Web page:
Re: [SUMMARY/PROPOSAL] Orphaning another maintainer's packages
Michael Gilbert <email@example.com> writes:
> Don't we expect the same adaptability of anyone trying to become a
> co-maintainer of any other package?
No, because in the typical comaintenance situation, the other maintainers
will teach the newcomer how to package according to the team standards,
rather than having them have to reverse-engineer the intention behind the
packaging setup. With an effectively orphaned package, that's unlikely;
usually the current maintainer doesn't have the time to do anything as
time-intensive as mentoring or training. It's way easier, in general, to
maintain the package yourself than to teach someone else how to do it, so
if they don't have time to maintain the package, they're almost certainly
not going to be able to teach someone else.
> Once someone has jumped all the hurdles to become a DD, at that point,
> aren't they expected to be of sufficient caliber and skill to be able to
> learn quickly and apply themselves to hard(er) problems?
That's not, for me, the point.
One of the problems people are concerned with when looking at the overall
quality of the Debian archive, and on our releasability, is that we tend
to keep adding new packages without taking good care of the ones already
in the archive. I think this is one of the main motivations for the
persistant discussions of finding a better way to deal with effectively
orphaned packages. Frequently, people will ask or hope for new
contributors to start by fixing a package already in the archive rather
than adding yet another new package to the archive, or at least do some
combination of both.
I think orphaned packages are one of our best opportunities to attract new
developers, rather than serving as an additional obligation for existing
developers. If the package is fully orphaned, then the new maintainer
doesn't have to try to fit in with an existing packaging style without
help and explanation, and can experiment (which is how people learn). A
lot of orphaned or poorly-maintained packages aren't horribly important,
so the new maintainer doesn't have to worry about breaking something
vital, but they still have existing work to start from and don't have the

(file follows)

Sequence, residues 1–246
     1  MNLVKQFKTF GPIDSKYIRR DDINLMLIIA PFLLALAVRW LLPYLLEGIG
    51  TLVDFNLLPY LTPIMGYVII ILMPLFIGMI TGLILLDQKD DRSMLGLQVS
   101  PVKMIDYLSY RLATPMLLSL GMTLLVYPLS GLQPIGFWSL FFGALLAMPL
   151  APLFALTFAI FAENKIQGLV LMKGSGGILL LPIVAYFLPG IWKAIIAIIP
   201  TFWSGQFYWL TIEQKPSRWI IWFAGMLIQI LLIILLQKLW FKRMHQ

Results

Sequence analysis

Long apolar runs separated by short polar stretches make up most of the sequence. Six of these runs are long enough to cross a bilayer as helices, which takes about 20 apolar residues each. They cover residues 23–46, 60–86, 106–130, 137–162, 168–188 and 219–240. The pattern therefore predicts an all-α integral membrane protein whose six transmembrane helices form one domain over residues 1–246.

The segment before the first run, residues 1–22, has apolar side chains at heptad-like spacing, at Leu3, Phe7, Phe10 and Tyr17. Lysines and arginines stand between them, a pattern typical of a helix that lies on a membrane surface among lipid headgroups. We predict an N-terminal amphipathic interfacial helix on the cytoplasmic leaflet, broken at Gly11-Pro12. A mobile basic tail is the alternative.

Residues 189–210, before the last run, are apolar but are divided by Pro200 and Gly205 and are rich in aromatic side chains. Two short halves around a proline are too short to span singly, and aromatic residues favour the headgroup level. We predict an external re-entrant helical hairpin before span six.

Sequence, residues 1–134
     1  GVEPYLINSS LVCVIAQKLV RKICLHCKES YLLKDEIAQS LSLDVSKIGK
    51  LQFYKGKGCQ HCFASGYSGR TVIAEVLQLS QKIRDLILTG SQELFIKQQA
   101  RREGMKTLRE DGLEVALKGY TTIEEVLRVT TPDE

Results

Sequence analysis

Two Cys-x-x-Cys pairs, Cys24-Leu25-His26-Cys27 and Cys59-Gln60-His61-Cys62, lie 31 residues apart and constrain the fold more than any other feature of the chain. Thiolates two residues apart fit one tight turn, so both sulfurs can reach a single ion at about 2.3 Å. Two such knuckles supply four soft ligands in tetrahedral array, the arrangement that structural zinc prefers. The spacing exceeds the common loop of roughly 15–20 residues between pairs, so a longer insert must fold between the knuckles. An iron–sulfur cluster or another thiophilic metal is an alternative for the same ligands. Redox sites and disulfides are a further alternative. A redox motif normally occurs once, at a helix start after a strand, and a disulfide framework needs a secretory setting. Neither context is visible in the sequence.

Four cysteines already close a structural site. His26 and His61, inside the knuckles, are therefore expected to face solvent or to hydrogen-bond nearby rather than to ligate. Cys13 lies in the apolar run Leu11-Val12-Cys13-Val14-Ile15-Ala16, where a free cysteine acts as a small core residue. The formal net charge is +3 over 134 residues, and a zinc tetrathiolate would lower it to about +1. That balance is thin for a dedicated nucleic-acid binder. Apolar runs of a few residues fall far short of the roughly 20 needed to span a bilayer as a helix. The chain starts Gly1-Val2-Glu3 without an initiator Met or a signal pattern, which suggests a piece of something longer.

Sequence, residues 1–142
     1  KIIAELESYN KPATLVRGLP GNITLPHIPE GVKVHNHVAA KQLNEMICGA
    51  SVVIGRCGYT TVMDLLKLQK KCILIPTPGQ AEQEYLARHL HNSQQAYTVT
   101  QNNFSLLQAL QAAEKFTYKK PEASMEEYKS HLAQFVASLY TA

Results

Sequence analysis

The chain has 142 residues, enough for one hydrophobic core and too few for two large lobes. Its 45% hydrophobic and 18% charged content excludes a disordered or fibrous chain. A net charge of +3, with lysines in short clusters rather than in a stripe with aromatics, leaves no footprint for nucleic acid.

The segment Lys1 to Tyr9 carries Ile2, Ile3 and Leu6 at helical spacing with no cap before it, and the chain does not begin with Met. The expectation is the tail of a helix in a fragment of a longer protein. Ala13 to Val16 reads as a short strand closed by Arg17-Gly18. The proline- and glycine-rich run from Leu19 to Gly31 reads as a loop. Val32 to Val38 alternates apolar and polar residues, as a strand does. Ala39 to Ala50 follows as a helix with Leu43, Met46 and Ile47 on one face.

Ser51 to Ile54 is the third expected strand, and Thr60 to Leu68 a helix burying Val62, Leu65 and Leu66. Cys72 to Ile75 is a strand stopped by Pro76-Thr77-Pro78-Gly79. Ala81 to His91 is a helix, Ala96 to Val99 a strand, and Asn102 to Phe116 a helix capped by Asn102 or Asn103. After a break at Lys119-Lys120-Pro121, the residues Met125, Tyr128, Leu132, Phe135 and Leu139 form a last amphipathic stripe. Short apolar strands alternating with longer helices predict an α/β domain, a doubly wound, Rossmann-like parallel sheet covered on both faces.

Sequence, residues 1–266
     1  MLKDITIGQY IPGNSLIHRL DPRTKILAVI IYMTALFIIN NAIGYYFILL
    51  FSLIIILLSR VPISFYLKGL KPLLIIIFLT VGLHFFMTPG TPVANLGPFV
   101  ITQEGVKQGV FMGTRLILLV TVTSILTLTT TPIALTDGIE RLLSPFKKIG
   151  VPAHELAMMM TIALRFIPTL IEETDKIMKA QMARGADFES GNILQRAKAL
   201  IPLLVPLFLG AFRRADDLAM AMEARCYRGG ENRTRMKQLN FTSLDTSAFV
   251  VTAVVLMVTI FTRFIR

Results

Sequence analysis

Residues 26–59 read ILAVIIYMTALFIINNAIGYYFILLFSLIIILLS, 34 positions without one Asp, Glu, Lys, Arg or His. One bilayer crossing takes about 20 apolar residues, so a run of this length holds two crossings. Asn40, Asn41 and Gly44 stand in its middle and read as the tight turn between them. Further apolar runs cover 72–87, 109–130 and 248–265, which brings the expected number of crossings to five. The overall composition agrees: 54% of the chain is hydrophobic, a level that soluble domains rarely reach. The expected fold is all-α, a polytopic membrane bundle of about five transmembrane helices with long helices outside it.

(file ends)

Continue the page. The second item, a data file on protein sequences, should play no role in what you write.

intimidating problem of starting from scratch. And often they have a
personal incentive for fixing that package; perhaps it's a relatively
obscure piece of software they personally use, and they were drawn to
contribute to Debian because they wanted to make it better.
Adopting orphaned packages was one of the ways I personally got started in
But to take full advantage of that opportunity, we need to do two things.
First, we need to officially orphan packages that are effectively orphaned
but don't officially have that status. New contributors are unlikely to
want to do that, since they don't want to insult the existing developer
and they don't have any social capital and will be worried about starting
a confrontation. I think that's where a new orphaning process could fit
in; existing Debian developers who have the social capital to be able to
tell another developer "no, really, you're not maintaining your package,
let someone else take a crack at it" can get the package into a state
where a newcomer feels safe in taking it over.
And, secondly, the package needs to be in a status where the new developer
can experiment and learn. While one *can* learn a lot by fitting within
the framework that's already in place, I think that's a learning path best
done as part of an active maintenance team so that one has mentors and
assistance. Orphaned packages can provide a great source of material for
one's personal experimentation as one learns how to package because one
can make as large or small of changes to the packaging as one wants to
attempt and then see how well the results work without breaking any team
rules or getting in anyone else's way, but also without having to
introduce yet another new package into the archive.
Russ Allbery (firstname.lastname@example.org) <http://www.eyrie.org/~eagle/>